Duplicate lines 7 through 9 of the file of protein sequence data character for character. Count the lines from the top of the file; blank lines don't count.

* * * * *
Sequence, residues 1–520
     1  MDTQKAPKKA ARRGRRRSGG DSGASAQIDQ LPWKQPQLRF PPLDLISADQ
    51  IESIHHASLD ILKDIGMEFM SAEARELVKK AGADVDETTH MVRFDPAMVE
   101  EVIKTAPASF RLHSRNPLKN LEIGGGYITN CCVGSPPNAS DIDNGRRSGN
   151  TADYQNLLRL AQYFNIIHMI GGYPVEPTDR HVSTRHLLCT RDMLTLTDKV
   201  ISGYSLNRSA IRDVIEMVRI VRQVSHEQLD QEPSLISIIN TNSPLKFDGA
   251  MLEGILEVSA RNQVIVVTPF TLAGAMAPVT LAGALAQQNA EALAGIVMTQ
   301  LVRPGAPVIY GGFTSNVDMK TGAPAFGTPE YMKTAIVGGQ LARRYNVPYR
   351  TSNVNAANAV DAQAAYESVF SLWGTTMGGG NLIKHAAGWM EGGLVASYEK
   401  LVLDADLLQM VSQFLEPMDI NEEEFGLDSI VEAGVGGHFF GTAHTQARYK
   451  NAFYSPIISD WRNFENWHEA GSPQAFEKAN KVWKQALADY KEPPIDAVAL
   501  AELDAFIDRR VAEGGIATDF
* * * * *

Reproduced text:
   251  MLEGILEVSA RNQVIVVTPF TLAGAMAPVT LAGALAQQNA EALAGIVMTQ
   301  LVRPGAPVIY GGFTSNVDMK TGAPAFGTPE YMKTAIVGGQ LARRYNVPYR
   351  TSNVNAANAV DAQAAYESVF SLWGTTMGGG NLIKHAAGWM EGGLVASYEK